public Month AddMonths(int months)
    if (months == 0) return this;
    months = (int)MonthNumber + months;
    var years = months / 12;
    months = months % 12;
    if (months < 0)
        months += 12;
    return new Month((uint)(years + YearNumber), (uint)(months));

public Month AddYears(int years)
    return new Month((uint)(YearNumber + years),

If you want you may also define all comparison operators.

Since we already have adequate parsing and ToString methods we are very close to our goal.

We need just to inform Asp-net core Mvc model binding engine on which functions to call to serialize/de-serialize the Month type. This, doesn’t require the definition of a custom model binder but the definition of a TypeConverter that is able to convert between Month and string. In fact, Asp-net core Mvc model binding engine assumes that a type is “simple” exactly when a similar TypeConverter exists.

Let add a new class called MonthTypeConverter to our Types folder:

using System;
using System.ComponentModel;
using System.Globalization;

namespace SimpleModelBinding.Types
    public class MonthTypeConverter : TypeConverter
        public override bool CanConvertFrom(
            ITypeDescriptorContext context,
            Type sourceType)
            return sourceType == typeof(string) ||
                sourceType == typeof(DateTime);
        public override object ConvertFrom(ITypeDescriptorContext context,
            CultureInfo culture, object value)
            return value is string ? Month.Parse(value as string) :
        public override bool CanConvertTo(ITypeDescriptorContext context,
            Type destinationType)
            return destinationType == typeof(string) ||
                destinationType == typeof(DateTime);
        public override object ConvertTo(ITypeDescriptorContext context,
            CultureInfo culture, object value, Type destinationType)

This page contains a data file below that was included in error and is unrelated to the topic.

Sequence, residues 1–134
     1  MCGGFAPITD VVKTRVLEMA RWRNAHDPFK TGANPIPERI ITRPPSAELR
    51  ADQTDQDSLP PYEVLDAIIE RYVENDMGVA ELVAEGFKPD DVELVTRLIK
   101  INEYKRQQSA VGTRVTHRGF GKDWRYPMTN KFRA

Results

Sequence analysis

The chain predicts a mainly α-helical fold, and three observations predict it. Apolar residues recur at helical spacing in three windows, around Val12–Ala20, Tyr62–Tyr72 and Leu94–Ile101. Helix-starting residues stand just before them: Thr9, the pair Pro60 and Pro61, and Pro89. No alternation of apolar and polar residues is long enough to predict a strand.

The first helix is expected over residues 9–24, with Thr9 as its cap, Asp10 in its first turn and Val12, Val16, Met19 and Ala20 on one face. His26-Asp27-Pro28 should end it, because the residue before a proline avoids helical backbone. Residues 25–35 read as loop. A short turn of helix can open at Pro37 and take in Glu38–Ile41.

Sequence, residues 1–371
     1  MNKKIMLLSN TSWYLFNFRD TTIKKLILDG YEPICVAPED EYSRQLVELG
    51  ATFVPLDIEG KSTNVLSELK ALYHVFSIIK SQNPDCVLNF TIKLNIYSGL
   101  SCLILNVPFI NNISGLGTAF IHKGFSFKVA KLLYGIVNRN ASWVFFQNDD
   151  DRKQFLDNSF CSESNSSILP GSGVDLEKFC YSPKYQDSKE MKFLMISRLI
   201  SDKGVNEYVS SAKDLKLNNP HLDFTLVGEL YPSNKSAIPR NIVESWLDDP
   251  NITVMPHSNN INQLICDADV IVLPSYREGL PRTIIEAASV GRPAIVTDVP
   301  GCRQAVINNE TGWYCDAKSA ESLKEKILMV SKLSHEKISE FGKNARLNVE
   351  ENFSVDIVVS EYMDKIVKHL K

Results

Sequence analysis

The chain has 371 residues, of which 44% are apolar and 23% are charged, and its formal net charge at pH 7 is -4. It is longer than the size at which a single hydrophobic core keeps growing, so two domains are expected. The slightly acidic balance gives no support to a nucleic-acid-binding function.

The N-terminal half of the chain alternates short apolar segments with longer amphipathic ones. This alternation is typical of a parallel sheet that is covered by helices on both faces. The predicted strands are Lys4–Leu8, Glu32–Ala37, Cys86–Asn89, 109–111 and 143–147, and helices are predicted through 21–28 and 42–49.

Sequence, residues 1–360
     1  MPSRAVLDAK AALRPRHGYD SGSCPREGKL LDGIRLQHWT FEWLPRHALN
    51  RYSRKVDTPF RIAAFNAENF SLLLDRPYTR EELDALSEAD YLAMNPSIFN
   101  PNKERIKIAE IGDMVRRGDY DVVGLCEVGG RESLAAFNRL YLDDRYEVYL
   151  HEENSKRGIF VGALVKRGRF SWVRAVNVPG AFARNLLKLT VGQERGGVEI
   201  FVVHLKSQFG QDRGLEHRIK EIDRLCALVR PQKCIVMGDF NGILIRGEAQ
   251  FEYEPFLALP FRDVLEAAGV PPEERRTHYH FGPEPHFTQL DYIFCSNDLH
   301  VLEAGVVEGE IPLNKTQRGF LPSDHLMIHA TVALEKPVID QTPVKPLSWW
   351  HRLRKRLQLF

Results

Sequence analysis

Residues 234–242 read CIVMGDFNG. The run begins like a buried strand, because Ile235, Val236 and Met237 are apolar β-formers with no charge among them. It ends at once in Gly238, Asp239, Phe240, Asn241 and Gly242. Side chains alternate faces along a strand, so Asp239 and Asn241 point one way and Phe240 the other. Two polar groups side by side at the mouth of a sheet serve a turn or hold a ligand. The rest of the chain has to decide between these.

if (destinationType == typeof(string))
                return ((Month)value).ToString();
            return ((Month)value).ToDateTime();

The code is self explicative two bool functions that return true if the conversion from/to a type is possible and two functions that actually perform the conversion from/to. I enabled conversion from/to both DateTime and string but for the purpose of model binding conversion from strings is enough.

Now let declare that this type converter is associated with the Month struct by decorating the Month definition as shown below:

public struct Month

Done! Now we need just to test our Month struct.

Go to the HomeController and substitute the Index method with:


public IActionResult Index(Nullable<Month> monthTest)
    return View(monthTest);

Then go to “Views\Home\Index.cshtm” and replace the whole content with:

@model Nullable<SimpleModelBinding.Types.Month>
    ViewData["Title"] = "Simple Type Model Binding Test";
    var monthTest = Model;


<form asp-action="Index" asp-controller="Home" >
    <div class="form-group">
        <label asp-for="@monthTest">Month:</label>
        <input asp-for="@monthTest" type="month" class="form-control">
    <button type="submit" class="btn btn-default">Submit</button>

Model must be assigned to the variable monthTest otherwise the input field would have empty name and id.

This problem arises because in our very simple test the month struct is not a property of a bigger model. With our trick the input field is named “monthTest” that must match the name of the parameter of the Home controller Index method.

Now select a browser that supports input of type Month (last versions of Edge, Safari, Chrome, Firefox, will do) and run the project.

Select a month, and before submitting place a breakpoint in the Index action method. Once the breakpoint is hit you should see that the month parameter contains the month you have chosen in the browser:







In a similar way you might define a Week type and a custom model binding for it.  The Asp.net core version of the Mvc Controls Toolkit, contains Week and Month types together with custom model binding, extensions of RangeAttribute and all validation rules, fallbacks for browsers that do not support any HTML5 and more…


That’s all for now

In a short time the second post of our series.

Stay tuned!